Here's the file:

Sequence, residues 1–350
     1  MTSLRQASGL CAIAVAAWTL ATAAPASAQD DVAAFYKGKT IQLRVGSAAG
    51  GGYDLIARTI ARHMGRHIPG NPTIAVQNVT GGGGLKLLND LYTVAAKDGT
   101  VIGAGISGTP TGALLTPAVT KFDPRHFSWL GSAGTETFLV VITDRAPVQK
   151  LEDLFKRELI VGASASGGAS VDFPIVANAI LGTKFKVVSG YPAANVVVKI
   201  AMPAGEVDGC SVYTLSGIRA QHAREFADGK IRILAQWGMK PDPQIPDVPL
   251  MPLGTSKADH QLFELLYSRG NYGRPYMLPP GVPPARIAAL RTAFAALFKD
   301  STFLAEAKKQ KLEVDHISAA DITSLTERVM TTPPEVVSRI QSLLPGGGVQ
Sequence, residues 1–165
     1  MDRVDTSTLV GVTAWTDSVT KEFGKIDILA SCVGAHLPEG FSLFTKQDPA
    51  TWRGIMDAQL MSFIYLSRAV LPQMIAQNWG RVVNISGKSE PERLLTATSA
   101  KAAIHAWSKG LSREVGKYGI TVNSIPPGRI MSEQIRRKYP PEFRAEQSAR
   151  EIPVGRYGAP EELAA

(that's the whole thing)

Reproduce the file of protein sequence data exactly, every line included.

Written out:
Sequence, residues 1–350
     1  MTSLRQASGL CAIAVAAWTL ATAAPASAQD DVAAFYKGKT IQLRVGSAAG
    51  GGYDLIARTI ARHMGRHIPG NPTIAVQNVT GGGGLKLLND LYTVAAKDGT
   101  VIGAGISGTP TGALLTPAVT KFDPRHFSWL GSAGTETFLV VITDRAPVQK
   151  LEDLFKRELI VGASASGGAS VDFPIVANAI LGTKFKVVSG YPAANVVVKI
   201  AMPAGEVDGC SVYTLSGIRA QHAREFADGK IRILAQWGMK PDPQIPDVPL
   251  MPLGTSKADH QLFELLYSRG NYGRPYMLPP GVPPARIAAL RTAFAALFKD
   301  STFLAEAKKQ KLEVDHISAA DITSLTERVM TTPPEVVSRI QSLLPGGGVQ
Sequence, residues 1–165
     1  MDRVDTSTLV GVTAWTDSVT KEFGKIDILA SCVGAHLPEG FSLFTKQDPA
    51  TWRGIMDAQL MSFIYLSRAV LPQMIAQNWG RVVNISGKSE PERLLTATSA
   101  KAAIHAWSKG LSREVGKYGI TVNSIPPGRI MSEQIRRKYP PEFRAEQSAR
   151  EIPVGRYGAP EELAA